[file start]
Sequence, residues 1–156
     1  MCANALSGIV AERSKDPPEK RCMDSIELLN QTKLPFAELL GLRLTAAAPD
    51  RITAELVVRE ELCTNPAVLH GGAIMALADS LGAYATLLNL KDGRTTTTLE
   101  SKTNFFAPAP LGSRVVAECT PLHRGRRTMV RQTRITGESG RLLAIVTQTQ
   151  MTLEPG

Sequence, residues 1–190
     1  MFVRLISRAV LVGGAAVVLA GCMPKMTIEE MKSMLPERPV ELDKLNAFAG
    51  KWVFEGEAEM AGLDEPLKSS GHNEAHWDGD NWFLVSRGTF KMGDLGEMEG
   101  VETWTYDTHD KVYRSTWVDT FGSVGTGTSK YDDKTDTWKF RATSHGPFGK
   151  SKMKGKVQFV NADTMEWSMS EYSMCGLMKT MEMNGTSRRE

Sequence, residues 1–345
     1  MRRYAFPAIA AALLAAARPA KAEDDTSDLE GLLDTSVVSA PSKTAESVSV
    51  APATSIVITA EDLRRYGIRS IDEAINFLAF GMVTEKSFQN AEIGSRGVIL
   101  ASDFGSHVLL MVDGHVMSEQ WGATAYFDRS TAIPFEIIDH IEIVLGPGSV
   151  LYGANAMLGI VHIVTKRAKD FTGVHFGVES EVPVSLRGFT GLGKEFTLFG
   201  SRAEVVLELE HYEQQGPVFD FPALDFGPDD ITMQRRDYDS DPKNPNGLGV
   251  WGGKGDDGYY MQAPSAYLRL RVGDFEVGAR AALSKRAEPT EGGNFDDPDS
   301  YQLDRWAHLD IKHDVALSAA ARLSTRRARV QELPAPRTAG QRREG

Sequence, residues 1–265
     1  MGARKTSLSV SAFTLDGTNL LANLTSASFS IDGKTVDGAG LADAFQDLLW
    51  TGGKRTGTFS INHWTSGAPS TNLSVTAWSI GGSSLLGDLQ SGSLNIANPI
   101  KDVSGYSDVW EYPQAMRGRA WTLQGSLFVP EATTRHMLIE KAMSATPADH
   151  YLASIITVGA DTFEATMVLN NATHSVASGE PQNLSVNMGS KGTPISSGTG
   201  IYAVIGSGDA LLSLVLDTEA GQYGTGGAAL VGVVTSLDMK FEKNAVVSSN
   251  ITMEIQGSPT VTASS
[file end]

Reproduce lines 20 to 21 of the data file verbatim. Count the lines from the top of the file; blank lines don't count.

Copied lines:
     1  MGARKTSLSV SAFTLDGTNL LANLTSASFS IDGKTVDGAG LADAFQDLLW
    51  TGGKRTGTFS INHWTSGAPS TNLSVTAWSI GGSSLLGDLQ SGSLNIANPI